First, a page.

> come up with.

I've got a list of examples at
Not all of them really establish a technical effect, which IMO
illustrates how difficult it is to define this properly.

Technical effects:
Reducing the bandwidth between clients and servers: EP 407 026

Using a second, separate channel to authenticate someone
makes a system more secure: EP 416 482

Avoiding the need for storage on a client system in a Web
shopping system: EP 784 279

Integrating a PIN card and a SIM card in a single device: EP 929 880

(hyperlinks to the patents are on the above-mentioned URL)

Keep in mind "technical effect" means something is an invention,
even though the solution may be obvious. For example, using an
out-of-band channel to receive a password is a technique that's
known per se. But it achieves the technical effect of making
the system more secure. The invention would probably be obvious,
unless they were the first to come up with the concept of
out-of-band channels.

Some more examples. Saving memory, increasing speed, improving
security, operating a user interface (T 236/91, T 59/93), configuring
the operating system (T 265/92), coordinating and controlling
internal data (T 6/83), or assisting in solving diagnostic problems
in data communication (T 216/89) all are technical.

A system that can manage a pension fund is an invention, even
though it uses software for 90% of the claimed features. It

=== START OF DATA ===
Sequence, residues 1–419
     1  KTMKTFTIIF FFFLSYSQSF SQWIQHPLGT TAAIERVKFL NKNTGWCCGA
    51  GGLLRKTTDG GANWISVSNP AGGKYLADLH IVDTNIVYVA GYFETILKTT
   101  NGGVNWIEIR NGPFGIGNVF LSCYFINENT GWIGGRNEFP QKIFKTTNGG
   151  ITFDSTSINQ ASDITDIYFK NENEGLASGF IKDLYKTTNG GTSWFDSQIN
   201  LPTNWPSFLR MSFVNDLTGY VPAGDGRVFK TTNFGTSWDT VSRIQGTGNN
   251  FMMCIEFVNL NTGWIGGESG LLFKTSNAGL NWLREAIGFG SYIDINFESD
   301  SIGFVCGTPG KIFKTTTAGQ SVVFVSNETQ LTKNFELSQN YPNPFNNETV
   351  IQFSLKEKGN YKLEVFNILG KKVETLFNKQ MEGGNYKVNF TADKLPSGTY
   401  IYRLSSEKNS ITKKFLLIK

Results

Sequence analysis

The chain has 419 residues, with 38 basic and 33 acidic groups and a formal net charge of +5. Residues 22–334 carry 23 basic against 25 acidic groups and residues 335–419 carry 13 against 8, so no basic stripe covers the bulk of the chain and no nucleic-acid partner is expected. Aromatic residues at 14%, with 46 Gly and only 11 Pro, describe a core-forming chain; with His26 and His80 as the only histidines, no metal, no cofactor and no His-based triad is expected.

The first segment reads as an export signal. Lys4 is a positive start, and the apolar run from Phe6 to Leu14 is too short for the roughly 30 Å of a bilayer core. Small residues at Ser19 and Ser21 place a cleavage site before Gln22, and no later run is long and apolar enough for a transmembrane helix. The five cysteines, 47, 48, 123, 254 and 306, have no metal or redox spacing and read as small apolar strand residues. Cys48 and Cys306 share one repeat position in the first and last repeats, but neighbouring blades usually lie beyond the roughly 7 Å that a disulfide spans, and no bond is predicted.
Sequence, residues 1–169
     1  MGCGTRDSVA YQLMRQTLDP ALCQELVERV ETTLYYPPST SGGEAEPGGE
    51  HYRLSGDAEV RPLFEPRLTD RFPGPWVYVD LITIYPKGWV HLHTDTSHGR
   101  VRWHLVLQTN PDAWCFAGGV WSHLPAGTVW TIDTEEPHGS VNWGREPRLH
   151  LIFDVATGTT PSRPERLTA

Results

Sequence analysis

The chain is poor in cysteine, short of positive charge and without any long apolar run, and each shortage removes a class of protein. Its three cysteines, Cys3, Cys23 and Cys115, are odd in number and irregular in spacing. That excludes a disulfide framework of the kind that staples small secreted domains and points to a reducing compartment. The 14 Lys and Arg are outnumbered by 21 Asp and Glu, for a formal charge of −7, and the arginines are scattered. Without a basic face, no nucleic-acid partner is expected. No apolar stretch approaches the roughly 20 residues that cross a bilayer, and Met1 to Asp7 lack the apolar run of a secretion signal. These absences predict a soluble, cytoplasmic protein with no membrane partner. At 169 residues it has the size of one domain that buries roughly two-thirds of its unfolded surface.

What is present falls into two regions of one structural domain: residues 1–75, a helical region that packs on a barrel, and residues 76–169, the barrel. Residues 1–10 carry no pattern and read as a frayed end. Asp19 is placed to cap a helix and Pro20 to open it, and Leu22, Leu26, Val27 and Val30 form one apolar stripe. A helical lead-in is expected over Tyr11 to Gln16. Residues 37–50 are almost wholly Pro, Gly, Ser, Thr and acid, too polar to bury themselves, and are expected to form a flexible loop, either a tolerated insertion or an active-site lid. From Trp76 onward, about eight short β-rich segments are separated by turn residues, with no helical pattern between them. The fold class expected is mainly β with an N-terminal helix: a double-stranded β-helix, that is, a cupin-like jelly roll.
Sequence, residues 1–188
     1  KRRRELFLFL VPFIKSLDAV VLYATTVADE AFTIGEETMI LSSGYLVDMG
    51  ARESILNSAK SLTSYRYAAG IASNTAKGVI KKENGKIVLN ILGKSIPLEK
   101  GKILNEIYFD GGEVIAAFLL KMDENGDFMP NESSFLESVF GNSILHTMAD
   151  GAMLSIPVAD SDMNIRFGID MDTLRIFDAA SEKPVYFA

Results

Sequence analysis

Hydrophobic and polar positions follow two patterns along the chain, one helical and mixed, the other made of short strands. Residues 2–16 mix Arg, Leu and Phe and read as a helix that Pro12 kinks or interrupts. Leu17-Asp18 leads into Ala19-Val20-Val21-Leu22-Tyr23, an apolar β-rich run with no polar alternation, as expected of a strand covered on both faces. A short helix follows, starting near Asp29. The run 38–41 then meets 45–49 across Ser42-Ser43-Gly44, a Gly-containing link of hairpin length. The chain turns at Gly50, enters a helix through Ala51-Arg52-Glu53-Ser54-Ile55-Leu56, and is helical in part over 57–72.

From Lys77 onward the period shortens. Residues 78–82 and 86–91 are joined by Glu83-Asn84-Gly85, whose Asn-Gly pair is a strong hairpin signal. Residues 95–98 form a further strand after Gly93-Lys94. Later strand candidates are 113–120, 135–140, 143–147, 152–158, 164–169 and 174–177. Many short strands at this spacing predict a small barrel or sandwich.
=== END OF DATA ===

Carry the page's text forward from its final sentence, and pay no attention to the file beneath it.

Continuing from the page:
was deemed obvious because managing a pension fund is a business
method (T 931/95).

Processing physical data is technical. Physical data may be, for
example, data representing an image (T 208/84) or data representing
parameters and control values of an industrial process (T 26/86).
However, monetary values (T 953/94), business data (T 790/92) and
text (T 38/86) are not physical data. 

[T = EPO Board of Appeals decision]

>   I suspect that the reasons pro-software-patent people don't
> come up with examples is that they really want unlimited patentability, and
> don't want to limit themselves to a certain set of examples (nor release
> their true intentions).

That is not fair, you don't know anything about me yet you
presume to know what I am after or why I am discussing this.
I can say all kinds of nasty allegations about you too, but
I don't. Let's keep it polite, please?

> > > I want to see one middle size company which goes ahead and sues IBM or
> > > Microsoft over an alleged patent violation.  Of course, it is also the small
> > > companies and last but not least the free software programmers.
> > Is Intertrust a middle-size company?
> >
> [...]
> >
> [...]
> >,4586,2353458,00.html
> [...]
> >
> > 
> > They all sued Microsoft for patent infringement.
> Sure, but our starting point was that you said that if a patent is invalid,
> one could simply violate it and say to the patent holder "come and sue me".
> In all the four cases, Microsoft simply violated patents and said: "come and
> sue me".  But MS is _not_ a middle sized company, it is a very big company. 
> It is easy for Microsoft to say "sue me".
> Now, how about an example in the other direction?

I am not so sure anymore I understand the point we're arguing
here. Should I cite examples of IBM sueing a small company for
patent infringement? Or cite proof that the alleged infringer
knew the patent was invalid?

Kind regards,

Arnoud Engelfriet

Arnoud Engelfriet, Dutch patent attorney - Speaking only for myself
Patents, copyright and IPR explained for techies: